One arrives to Suicidio almost without noticing it. The small sandy mounds to which one becomes accustomed to after hours of traversing across the desert keep succeeding one another without interruption. One also gets habituated to the same two types of shrubs that clinch here and there to the compacted sand, never too obvious whether they are dead or alive. And one also soon forgets the pervasive wind, squeezing through the wooden panels of the carriage and creating shrilling, baby-like noises. And, suddenly, the carriage turns around yet another sandy mound and there, in the distance, Suicidio stands flat and surprisingly black, like a petroleum splatter bubbling on the scorching sand.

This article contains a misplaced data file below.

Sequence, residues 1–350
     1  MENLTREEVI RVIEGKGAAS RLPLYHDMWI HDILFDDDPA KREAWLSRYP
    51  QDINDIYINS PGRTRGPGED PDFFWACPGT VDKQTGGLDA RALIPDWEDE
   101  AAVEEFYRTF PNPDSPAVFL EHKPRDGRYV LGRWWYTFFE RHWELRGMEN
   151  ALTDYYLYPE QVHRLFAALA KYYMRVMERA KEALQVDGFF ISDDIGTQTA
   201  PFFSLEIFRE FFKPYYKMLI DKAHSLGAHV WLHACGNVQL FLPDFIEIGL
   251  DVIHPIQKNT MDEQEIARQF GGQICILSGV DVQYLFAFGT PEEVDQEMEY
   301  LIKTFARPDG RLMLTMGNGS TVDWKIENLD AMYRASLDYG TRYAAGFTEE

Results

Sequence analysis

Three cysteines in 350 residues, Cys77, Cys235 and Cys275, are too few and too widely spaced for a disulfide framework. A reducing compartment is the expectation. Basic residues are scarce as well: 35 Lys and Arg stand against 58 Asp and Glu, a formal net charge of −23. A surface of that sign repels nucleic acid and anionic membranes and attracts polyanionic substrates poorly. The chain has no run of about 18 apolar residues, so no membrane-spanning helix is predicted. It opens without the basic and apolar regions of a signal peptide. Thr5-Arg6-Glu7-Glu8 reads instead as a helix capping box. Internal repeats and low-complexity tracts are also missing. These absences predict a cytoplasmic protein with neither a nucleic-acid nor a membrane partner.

One arrives to Suicidio through a diversity of routes, each one of them being just one of so many ants converging towards the protection of the final nest.
One arrives to Suicidio not caring too much about the present, thinking too much about the past, and hoping for a short and definite future.